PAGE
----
By contrast, a friend of mine is more extrovert. He gains energy from outside stimulus. When he feels low, he’ll invite a load of people round for a barbeque. This recharges his emotional energy, whereas for me it would be quite draining after a while.

Once we identify what energises us and what drains us, we need to have sufficient periods of the thing that energises us. If we let several days go past without those energising activities we will start to feel stressed.

One more thing, avoid angry, negative or toxic people. Anger, negativity, and toxic behaviour will always drain everyone. Anger drains the angry person as well as those to whom the anger is directed. Everyone loses.

So take a step back. Observe when in the day you feel most alive and energised. When in the day do you feel most drained? Can you plan your day to use your higher energy times for your more creative activities?

I try to write first thing in the morning for an at least an hour. It’s my most creative time and I want to use it well. Things like admin, meetings and other stuff can wait till later in the day.

Social media can drain us too. Taking in lots of unimportant information, amusing cat videos, and similar stuff can use up our precious emotional energy. Chose a less important time in the day for that stuff if you want to maximise your creativity.

What about you? What gives you emotional energy? What drains your emotional energy?

Taking charge of your email

email02

There’s a big problem with email. It constantly distracts us from what we were doing. It wastes thousands of hours of productivity by interrupting our train of thought.

Many people allow email to act like an untrained puppy – yapping and jumping up any time it likes. It poops all over the place and leaves us to clear up the mess.

If you don’t take control of your email, your email will take control of you.

I know there are some jobs out there where people are employed to reply to emails as quickly as possible, perhaps they are the exception. But even so this simple step will help most people take control of unruly email.

Here are a few simple steps I use for email:

1. Switch off automatic email delivery

Email01

Some email programs are set to check for email every five minutes! That means every five minutes you could be interrupted by emails that could easily wait.

Our paper mail comes in one bundle every morning around the same time. It gives one interruption. If we are not in it sits and waits on the mat. We open it when it’s convenient.

Now imagine that the mailman brought each letter separately and knocked on the door ten times a day. I would find that really irritating. But that is exactly what most people’s email does!

So here’s the thing. I have switched my email to manual delivery. That means the app only checks for email when I ask it to.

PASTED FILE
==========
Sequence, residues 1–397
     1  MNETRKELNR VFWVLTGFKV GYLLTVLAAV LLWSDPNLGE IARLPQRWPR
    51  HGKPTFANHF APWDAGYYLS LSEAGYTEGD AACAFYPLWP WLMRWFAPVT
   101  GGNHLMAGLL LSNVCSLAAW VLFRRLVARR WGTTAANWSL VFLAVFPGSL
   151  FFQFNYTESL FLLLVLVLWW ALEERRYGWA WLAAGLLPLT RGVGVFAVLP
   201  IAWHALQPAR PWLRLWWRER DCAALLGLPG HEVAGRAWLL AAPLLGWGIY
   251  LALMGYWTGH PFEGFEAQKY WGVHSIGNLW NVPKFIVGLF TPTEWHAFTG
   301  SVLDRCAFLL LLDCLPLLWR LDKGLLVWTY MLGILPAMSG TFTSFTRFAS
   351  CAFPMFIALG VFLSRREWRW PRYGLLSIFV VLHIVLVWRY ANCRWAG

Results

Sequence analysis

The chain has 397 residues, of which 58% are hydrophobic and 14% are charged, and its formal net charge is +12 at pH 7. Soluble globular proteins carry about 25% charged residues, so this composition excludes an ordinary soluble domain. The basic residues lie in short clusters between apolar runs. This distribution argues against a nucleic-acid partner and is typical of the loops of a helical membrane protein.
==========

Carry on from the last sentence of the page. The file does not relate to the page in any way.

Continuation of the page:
And I only ask it to check for mail once or twice a day – normally first thing in the morning and late afternoon.

It is hard to think of any email being so important that it can’t wait half a day to be read.

That’s my personal email. My office email only gets checked once a day on the three days I am in the office, and normally around 10:30am.

2. Set up an auto-responder if you have to

Set an auto response that says something like, ‘Thanks for your email. To increase productivity email is only read early morning and late afternoon. If your message is extremely urgent and really can’t wait a few hours to be read, please text my cell phone 000-0000-0000.’

Most people won’t text you because 99.99999% of all email is never that urgent.

So instead of your email beeping and putting little read badges on its app icon, distracting you from what you are really working on, just check it once or twice a day.

If you had a puppy that was being disruptive you would quickly train it and put some real boundaries on it. Soon the dog would know to only poop outside, not to jump up all the time, and to stay on its bed when told to. It would know there was a set time for walks.

It is time to put a leash on your email and give it a strict routine so that you are in control, rather than it controlling you.

What about you? How do you control your email?

A quick fix when you feel low

walk All of us get down from time to time. It’s hard to get back to a positive feeling about life sometimes. If we get depressed about life there’s a few things we can do. Don’t get me wrong – it’s stupid and hurtful to tell someone who is depressed to ‘snap out of it’. I’ve been depressed myself in the past and I know that is just not possible.

Neither am I talking about clinical depression. I am talking about when we get really low and just can’t seem to break that feeling. I’m going to cover each of these aspects in more detail in the book and on the blog but here’s a quick rundown of a few things that will start to improve your life from day one.

Sleep. Eat properly. Walk.

Sleep cures a lot of stuff. Try to get a good night’s sleep.

Eating junk food can cause feelings of depression and flatten our mood. Eat only healthy stuff for a few days. Try a week. Eliminate or seriously limit alcohol consumption. Alcohol is a depressant. Drinking to drown your sorrows will only make you feel worse in the morning.

Go for a walk for an hour. Walking is simple, free and available to most people. It has many health benefits and can lift your mood quickly.

If you feel low or depressed, do these three things everyday for a least a week and you will start to feel better about life. Sleep. Eat. Walk. Make them your daily rituals.

There may be all sorts of reasons for why you feel low, but I am convinced these three things each day will help 95% of people when they feel stuck. Often it just takes one small change to our daily routine to significantly change things for the better.

‘One thing you lack.’ – Jesus